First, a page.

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Could Fueling Buses With Cow Dung Really Work?

Yes, that’s a serious question, and one I asked myself when I read a headline in Reuters about how the Pakistani city of Karachi is switching a portion of its public bus service to a new sustainable fuel source.

Some people have dubbed the project the cow bus, and it’s incredible what scientists have calculated as the emissions savings over the coming decades. 

According to Reuters, “Malik Amin Aslam, advisor on climate change to Pakistan Prime Minister Imran Khan, said the BRT system was the first transport project the Green Climate Fund had approved, and would bring ‘multiple environmental and economic benefits.’ It would not require operating subsidies, he added.

The cheap, clean bus network will cater for 320,000 passengers daily, and will reduce planet-warming emissions by 2.6 million tonnes of carbon dioxide equivalent over 30 years, according to project documents.”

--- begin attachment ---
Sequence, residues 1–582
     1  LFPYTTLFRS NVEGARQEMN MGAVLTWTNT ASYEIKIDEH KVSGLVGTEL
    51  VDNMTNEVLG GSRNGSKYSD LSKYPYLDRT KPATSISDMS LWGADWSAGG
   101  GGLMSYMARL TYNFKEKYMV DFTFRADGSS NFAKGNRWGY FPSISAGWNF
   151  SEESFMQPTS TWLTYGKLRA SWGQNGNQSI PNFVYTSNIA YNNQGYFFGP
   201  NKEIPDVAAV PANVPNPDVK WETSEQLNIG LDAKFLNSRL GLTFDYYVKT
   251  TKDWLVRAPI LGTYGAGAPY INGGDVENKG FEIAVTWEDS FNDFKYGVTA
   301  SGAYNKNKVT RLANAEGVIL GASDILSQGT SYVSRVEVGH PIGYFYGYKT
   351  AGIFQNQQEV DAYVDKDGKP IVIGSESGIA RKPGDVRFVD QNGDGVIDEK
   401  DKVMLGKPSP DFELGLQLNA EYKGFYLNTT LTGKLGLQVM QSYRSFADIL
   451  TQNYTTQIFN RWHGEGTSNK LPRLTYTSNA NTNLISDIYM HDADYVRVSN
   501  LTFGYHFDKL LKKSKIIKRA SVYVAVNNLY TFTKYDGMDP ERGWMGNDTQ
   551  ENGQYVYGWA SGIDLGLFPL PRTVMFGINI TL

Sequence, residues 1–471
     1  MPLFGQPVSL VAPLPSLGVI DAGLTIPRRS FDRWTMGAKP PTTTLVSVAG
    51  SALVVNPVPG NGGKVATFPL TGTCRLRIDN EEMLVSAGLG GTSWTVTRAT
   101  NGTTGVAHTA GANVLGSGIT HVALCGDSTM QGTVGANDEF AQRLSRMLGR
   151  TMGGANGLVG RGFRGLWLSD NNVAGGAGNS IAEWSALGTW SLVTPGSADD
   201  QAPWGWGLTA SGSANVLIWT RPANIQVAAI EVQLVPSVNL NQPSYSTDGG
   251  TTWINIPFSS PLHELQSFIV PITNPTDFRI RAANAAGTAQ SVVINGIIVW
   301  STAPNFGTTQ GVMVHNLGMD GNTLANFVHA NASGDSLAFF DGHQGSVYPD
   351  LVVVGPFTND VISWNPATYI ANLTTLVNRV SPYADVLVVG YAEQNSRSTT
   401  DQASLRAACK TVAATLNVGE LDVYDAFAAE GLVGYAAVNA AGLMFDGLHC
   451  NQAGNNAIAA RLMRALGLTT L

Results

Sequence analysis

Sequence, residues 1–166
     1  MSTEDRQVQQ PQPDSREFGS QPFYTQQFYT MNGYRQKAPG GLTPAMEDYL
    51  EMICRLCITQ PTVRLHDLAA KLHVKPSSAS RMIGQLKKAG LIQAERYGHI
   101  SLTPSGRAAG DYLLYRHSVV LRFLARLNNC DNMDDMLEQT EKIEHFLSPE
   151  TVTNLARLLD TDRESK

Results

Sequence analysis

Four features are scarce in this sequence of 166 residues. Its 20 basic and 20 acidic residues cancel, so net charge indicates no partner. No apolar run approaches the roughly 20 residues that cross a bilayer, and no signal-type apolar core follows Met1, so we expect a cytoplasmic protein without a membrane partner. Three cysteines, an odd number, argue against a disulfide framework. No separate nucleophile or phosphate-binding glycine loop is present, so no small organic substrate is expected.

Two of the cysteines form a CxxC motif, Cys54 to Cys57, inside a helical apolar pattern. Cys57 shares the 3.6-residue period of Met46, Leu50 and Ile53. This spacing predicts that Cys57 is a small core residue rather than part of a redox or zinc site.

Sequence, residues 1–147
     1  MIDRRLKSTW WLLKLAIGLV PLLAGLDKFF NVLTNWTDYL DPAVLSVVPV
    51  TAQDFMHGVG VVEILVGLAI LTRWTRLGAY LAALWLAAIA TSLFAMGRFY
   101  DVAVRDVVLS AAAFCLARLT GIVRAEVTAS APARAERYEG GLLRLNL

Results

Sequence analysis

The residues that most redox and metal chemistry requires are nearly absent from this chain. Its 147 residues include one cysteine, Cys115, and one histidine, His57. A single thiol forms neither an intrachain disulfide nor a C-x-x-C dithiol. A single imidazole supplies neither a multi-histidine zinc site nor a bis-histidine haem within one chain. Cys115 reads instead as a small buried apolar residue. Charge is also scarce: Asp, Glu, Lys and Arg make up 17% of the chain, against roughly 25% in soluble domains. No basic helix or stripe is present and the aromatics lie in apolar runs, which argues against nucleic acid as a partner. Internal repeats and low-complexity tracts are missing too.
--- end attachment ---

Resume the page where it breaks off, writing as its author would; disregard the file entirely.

Now the project will also have an impact on water supplies and the amount of manure flooding into the ocean.

Apparently, more than 3,000 tons of manure end up in the ocean every single day. And it takes about 50,000 gallons of water to flush that waste out.

But by reusing the manure as fuel, the project could stop a million tons of manure polluting the sea every single year.

It’s a smart climate project that I hope will become a game-changer for many other cities with the same problems. 



Chris is one of GreenCitizen’s writers who has been a long-time advocate of individual responsibility when it comes to the environment. He shares GreenCitizen's passion for making the world a better place every day of the year.

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